Arriving at our evening motel, the L’Auberge Doucet Inn high above the Cabot Trail in Cheticamp at 230P, we feel ready for another hour or two on the bikes. Alas, there is no place to stay the night further down the road since the Cape Breton Highlands National Park is just outside of town. Thanks to Hannah’s innate sweetness, the innkeeper upgrades our room to one with a king bed.
With time to explore Cheticamp, we find a bottle of Shiraz for our late afternoon of wine togetherness. We pick up a Pinto Noir for tomorrow night after our ride through the highlands.
Stopping by Velo Max Cycling, the one bike shop in Cape Breton, we are both sobered and encouraged by our conversation with Andre, the bike store owner. He tells us that just inside the park there is a 15% grade climb over a kilometre long. Then there is French Mountain at 8% grade over six kilometres. Finally the granddaddy climb of North Mountain has a 10% grade over four kilometres. As an experienced bicyclist himself, he stands to pedal up North Mountain. This must be some bad mountain. He warns us of false flats, where the road seems level, but it is a climb nonetheless.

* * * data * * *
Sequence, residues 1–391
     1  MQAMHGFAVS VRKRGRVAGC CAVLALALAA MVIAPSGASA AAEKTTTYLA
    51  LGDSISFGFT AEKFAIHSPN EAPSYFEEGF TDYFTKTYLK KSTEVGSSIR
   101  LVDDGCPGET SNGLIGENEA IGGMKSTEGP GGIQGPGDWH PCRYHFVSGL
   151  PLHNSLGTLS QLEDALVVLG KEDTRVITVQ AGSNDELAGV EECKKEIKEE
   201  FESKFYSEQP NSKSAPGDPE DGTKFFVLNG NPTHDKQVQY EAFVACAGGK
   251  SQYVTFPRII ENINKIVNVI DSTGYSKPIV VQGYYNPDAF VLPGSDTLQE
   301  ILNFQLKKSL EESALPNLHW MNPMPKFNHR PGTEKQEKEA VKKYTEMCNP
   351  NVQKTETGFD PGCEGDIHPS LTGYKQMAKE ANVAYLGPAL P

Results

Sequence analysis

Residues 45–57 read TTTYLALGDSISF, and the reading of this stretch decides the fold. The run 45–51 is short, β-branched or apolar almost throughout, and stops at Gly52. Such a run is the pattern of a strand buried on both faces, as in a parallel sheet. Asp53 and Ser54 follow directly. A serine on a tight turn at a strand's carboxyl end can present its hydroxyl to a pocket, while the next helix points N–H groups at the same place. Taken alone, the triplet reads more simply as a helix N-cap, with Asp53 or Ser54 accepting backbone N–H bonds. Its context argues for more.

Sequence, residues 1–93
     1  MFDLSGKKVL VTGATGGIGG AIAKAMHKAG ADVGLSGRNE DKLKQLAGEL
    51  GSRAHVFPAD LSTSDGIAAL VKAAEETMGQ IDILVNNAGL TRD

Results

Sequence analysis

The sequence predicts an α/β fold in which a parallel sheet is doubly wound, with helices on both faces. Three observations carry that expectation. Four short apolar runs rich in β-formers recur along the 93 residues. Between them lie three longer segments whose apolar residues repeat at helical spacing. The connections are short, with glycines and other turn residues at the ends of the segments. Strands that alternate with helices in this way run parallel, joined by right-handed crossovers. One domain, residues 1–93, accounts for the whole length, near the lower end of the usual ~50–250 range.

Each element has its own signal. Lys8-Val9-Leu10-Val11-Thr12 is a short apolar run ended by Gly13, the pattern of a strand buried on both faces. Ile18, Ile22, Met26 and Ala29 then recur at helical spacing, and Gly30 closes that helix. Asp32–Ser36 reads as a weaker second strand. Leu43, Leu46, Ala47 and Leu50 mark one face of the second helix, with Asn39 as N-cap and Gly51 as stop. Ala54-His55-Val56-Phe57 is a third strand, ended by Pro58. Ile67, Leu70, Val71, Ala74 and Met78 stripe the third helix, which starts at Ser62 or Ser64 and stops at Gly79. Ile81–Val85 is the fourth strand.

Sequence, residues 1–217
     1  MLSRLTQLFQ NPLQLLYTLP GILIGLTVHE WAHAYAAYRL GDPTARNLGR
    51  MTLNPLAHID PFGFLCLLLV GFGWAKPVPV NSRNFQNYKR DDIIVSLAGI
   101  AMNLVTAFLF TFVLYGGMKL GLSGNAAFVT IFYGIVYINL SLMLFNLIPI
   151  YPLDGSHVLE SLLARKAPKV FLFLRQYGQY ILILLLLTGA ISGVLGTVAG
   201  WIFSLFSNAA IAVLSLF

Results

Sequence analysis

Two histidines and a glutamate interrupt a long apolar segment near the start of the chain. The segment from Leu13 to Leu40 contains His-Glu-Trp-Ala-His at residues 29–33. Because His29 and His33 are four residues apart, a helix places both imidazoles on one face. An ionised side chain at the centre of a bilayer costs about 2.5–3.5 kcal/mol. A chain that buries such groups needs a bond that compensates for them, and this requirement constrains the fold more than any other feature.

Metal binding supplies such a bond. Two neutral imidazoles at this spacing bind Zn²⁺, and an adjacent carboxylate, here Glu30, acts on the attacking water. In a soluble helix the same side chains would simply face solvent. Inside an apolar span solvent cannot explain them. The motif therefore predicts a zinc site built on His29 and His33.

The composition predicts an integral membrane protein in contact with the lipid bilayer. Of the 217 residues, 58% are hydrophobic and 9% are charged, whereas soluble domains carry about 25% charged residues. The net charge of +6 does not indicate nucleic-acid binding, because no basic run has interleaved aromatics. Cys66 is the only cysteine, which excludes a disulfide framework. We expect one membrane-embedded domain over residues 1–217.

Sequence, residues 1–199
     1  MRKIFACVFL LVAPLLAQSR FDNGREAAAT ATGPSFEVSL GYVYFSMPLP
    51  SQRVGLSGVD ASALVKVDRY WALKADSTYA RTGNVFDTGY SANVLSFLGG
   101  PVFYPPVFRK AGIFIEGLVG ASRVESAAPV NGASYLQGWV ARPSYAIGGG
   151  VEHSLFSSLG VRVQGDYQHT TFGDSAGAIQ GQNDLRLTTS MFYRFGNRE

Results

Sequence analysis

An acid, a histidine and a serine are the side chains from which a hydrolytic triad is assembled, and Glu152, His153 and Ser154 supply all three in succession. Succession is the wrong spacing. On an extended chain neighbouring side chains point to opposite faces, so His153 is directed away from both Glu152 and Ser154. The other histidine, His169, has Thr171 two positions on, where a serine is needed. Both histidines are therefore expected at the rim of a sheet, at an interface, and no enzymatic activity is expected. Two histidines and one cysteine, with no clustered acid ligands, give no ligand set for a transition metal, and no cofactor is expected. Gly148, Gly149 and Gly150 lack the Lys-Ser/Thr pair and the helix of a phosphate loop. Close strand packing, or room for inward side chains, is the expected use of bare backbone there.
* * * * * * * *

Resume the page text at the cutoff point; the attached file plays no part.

Throughout our twenty minutes together, he says at separate times, you can do it and I don’t want to scare you. When someone says they don’t want to scare you, they have planted the seeds to scare you. Have we trained enough? Where could we have found such long, steep mountains to climb near our home in York, Maine? Are highlands really mountains? Having already done nearly 60 miles today, we wonder how our bodies will react to an even tougher day on the bikes tomorrow.
Under 70F skies at 5P we sip a glass of Shiraz with our popcorn. Dinner comes from the local Coop; potato salad over mixed greens with bran muffins for dessert. We are reminded of Alaska by the sunset after 9P in these parts. But the late sunset is not the reason we won’t sleep well tonight. Day 2 through the mountains of the Cape Breton Highlands National Park awaits.